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Anatomy and Principles of Evaluation

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Articulations of the distal humerus and proximal ulna and radius form the elbow joint (Figure 267-1).

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The epicondyles are nonarticulating surfaces that serve as sites of origin for forearm, wrist, and digit flexors, and pronators (medial), and extensors and supinators (lateral). Medially, the trochlea articulates with the olecranon to form a uniaxial hinge joint. Laterally, the capitellum abuts the radial head to form a pivot joint. Between the condyles, the coronoid fossa is anterior, and the olecranon fossa is posterior. These allow for full flexion and extension of the ulna. The radial fossa lies proximal to the capitellum anteriorly and permits full flexion of the radius.

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Several important neurovascular structures lie in close proximity to the distal humerus, and evaluation of their function is essential. These include the brachial artery, palpable just medial to the distal biceps tendon in the antecubital fossa, and the radial, median, and ulnar nerves. The ulnar nerve is palpable as a cord just posterior to the medial epicondyle, and is vulnerable to injury with trauma over this area.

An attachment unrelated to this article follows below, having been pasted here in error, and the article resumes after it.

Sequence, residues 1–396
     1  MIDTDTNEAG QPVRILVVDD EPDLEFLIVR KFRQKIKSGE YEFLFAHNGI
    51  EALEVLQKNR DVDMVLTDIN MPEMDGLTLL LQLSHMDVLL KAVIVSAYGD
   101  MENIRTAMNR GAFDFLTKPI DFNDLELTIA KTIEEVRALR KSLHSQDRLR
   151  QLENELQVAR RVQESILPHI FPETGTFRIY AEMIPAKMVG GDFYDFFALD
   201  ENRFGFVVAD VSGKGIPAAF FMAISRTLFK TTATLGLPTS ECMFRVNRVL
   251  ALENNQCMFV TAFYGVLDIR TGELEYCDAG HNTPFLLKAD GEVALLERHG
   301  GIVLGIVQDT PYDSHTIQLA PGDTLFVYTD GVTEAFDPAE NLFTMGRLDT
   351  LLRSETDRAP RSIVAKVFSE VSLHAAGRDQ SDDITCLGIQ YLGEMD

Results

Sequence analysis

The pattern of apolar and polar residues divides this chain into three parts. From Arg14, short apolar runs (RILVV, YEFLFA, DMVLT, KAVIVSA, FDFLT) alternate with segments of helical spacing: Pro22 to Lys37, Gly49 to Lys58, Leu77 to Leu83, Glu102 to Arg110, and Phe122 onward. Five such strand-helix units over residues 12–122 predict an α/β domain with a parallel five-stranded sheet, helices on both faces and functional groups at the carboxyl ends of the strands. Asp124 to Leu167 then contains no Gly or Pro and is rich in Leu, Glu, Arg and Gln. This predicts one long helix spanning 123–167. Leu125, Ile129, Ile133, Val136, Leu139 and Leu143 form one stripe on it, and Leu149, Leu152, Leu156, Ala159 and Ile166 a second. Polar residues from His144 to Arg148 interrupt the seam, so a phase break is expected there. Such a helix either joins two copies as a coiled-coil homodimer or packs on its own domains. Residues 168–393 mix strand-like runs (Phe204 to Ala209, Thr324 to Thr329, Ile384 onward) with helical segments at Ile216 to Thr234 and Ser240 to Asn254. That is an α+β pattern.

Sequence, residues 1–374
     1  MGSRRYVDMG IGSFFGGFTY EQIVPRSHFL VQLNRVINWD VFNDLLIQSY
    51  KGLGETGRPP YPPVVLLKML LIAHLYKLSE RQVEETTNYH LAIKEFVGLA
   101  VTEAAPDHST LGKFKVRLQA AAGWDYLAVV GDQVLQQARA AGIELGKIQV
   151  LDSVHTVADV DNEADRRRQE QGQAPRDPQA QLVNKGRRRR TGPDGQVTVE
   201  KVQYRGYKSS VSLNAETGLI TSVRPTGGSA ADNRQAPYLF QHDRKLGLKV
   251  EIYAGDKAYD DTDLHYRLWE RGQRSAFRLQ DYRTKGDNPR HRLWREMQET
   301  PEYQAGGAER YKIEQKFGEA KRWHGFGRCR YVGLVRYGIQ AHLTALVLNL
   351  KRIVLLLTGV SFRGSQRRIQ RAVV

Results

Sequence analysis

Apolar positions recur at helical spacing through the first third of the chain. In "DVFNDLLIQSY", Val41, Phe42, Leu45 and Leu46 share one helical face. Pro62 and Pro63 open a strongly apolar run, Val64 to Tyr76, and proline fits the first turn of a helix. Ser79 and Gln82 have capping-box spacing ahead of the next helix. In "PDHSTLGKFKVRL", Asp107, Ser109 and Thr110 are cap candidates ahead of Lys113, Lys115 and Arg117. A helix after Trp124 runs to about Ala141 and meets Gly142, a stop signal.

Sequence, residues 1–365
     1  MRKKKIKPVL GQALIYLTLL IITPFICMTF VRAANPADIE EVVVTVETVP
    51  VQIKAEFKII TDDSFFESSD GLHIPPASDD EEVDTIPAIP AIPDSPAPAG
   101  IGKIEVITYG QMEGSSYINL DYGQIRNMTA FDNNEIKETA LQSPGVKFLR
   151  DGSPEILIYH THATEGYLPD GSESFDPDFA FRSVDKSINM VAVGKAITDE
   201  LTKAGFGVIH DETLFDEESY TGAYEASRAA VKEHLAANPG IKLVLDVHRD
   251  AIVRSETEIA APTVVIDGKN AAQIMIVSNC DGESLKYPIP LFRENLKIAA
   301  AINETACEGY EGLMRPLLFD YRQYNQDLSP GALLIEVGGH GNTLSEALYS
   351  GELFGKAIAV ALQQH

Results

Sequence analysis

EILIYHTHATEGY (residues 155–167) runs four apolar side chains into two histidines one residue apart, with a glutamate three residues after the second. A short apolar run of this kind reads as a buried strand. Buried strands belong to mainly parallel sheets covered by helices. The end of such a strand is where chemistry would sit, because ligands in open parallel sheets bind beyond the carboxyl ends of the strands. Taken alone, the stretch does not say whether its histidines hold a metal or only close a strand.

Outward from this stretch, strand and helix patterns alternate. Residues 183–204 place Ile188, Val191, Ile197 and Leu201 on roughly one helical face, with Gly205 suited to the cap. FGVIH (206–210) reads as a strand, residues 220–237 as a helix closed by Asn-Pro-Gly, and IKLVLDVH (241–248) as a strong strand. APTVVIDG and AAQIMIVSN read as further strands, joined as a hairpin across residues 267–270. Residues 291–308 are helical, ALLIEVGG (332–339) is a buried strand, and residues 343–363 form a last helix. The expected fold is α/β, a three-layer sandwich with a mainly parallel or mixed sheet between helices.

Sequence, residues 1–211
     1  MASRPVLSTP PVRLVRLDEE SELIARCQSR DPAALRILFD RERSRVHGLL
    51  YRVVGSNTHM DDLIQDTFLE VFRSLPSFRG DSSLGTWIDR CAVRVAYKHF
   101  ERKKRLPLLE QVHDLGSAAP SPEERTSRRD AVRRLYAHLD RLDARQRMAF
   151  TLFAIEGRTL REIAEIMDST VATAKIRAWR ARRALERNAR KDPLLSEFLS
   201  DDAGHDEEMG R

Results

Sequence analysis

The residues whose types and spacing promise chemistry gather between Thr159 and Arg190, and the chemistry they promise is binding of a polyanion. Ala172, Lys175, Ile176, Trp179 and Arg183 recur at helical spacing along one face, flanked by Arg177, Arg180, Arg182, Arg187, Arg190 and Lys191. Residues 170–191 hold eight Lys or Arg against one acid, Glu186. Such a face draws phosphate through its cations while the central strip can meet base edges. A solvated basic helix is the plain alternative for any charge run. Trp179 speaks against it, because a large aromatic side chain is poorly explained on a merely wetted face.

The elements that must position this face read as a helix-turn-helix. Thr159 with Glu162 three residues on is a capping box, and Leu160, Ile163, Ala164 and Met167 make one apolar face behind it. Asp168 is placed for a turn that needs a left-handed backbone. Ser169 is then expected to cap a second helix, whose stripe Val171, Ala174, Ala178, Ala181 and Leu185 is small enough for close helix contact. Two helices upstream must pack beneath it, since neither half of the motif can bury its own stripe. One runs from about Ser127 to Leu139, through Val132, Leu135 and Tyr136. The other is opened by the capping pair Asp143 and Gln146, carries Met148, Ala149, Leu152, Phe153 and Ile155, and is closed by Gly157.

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The neuroanatomy is best understood by appreciating the neural control of basic wrist and finger movement (Figure 267-2). The radial nerve travels over the lateral epicondyle and supplies the muscles of wrist extension before it branches off into the posterior interosseous nerve. This branch travels around the proximal radius and controls the muscles of finger and thumb extension. The remainder of the radial nerve is purely sensory and innervates the dorsal aspect of the hand from the thumb to the radial half of the ring finger. Thus, the proximal portion of the radial nerve controls the more proximal function of wrist extension, the distal branch (posterior interosseus nerve) controls the more distal function of finger extension, and another branch is purely sensory. Therefore, an isolated injury to the posterior interosseous branch affects finger extension but spares wrist extension and sensation to the dorsum of the hand. The single best test of radial nerve motor function is to have the patient extend both the wrist and fingers against resistance (Table 267-1). Sensation is tested over the dorsum of the thumb index web space.

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Figure 267-2.
Graphic Jump LocationGraphic Jump LocationGraphic Jump Location

Neural innervation of the forearm, wrist, hand, and digits. A. Radial nerve innervation. B. Median nerve innervation. C. Ulnar nerve innervation.

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